For the first time outside of China, Lenovo is launching a line of consumer desktops and laptops in a move to increase the companys global PC market share and expand its brand recognition beyond enterprise buyers and small businesses.
At the International CES, which starts Jan. 7 in Las Vegas, Lenovo will officially launch its IdeaPad line of consumer laptops and the new IdeaCentre desktop model. Lenovo is initially targeting 15 countries with the new PCs, including the United States, as well as emerging markets such as Russia, India and South Africa.
While the consumer launch will not directly impact Lenovos enterprise business or its ThinkPad and ThinkCentre PCs, the companys new focus on the consumer market will help it compete on a global scale against the likes of Hewlett-Packard, Dell and Acer, which all have well-established consumer offerings and have been reaping the benefits of a consumer market focused on mobility.
In a recent report, Forrest Research found that 86.9 million U.S. households had bought a PC in 2006. In 2012, that number is expected to increase to 102.7 million households, which makes the consumer market a tempting target for all of the major PC vendors. (Lenovo quoted an IDC study that found the market for consumer PCs will grow 10 percent annually through 2011.)
While Lenovo and its ThinkPad and ThinkCentre PCs already enjoy a significant share of the professional IT market, the move into the consumer space is a vital step forward for the company, said John Spooner, an analyst with Technology Business Research.
“This move into consumer PCs should allow Lenovo to continue to grow both its revenue and its PC shipments and therefore allow it to continue to invest in the research and development of [its] ThinkPad line, for example, and [its] energy-efficient desktops,” Spooner said.
The difficult part now, Spooner added, is fighting for shelf space in retail stores—Dell is also looking to increase its retail presence at the same time—and maintaining profitability in a market where the average prices for both laptops and desktops continue to drop.
For the new consumer line, Lenovo is looking to build on the legacy of IBMs PC division, which it bought in 2004.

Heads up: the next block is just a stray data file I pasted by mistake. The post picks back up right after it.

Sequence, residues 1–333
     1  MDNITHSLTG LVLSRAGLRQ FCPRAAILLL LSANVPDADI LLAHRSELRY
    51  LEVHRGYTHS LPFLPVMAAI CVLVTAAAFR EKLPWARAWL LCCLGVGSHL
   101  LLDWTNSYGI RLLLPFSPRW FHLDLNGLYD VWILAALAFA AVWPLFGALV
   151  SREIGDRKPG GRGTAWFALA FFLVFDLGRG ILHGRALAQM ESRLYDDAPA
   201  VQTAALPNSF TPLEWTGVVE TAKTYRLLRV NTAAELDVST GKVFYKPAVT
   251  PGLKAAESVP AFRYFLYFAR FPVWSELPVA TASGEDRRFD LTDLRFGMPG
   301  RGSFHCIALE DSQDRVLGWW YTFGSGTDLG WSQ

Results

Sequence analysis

Michael Kuptz, vice president and general manager for Lenovo United States, said the company also developed its consumer offerings by looking first at what services and features worked well in the Chinese market and then using those ideas, as well as input from consumers and retail stores, to develop a whole new line to differentiate its PCs from others in a crowded market.
“We see the growth in the consumer space as a critical area for our products,” Kuptz said. “It is an area [in which] we believe strongly that our differentiated features and capabilities will set us apart … Plus, it expands the brand for Lenovo beyond the strong brand awareness we have built around ThinkPads and ThinkCentre. In turn, were hoping that a positive user experience with our new consumers will then translate into the business buying and the corporate buying arena.”
The features of the IdeaPad and IdeaCentre product were also designed to be different from those found in Lenovos 3000 Line, which launched in 2006 and was developed specifically for small and midsize businesses.
These new consumer features include capabilities such as a facial recognition feature called VeriFace Face Recognition, which will eliminate the need for passwords and other log-ins. Lenovo is also offering a wide range of multimedia features and a range of colors, different textures and ergonomic designs. Lenovo is also offering features that will allow customers to save on notebook battery life.
After CES, Lenovo will launch three Intel-based notebooks for the U.S. market, including the Y710 with a 17-inch display, the 15.4-inch IdeaPad Y510, and the 11-inch IdeaPad U110. The prices will range from $1,199 for the 17-inch model to $799 for the 15-inch model (pricing for the U110 has not been set as of yet.)
Lenovo is relying on Intel Core 2 Duo processors for its initial launch into the consumer market. The company did not announce any plans to offer consumer PCs with Advanced Micro Devices chips. All of the new consumer PCs will come with Microsoft Windows Vista Home edition.
In the coming year, Lenovo plans to use its sponsorship of the 2008 Summer Olympics in Beijing to help promote the new line.
For Lenovo, the move into consumer space comes after a year in which its global market share was challenged by Acer, which bought Gateway in August, at the same time the company is looking to expand in North America, Europe and the emerging markets. The consumer space is the next logical step for the company.
“For big companies to maintain their market share, they have to be in the consumer space,” Spooner said. “This is its first major effort at the consumer market and this is a huge announcement for Lenovo.”
Editors Note: John Spooner is a former senior staff writer for eWEEK.
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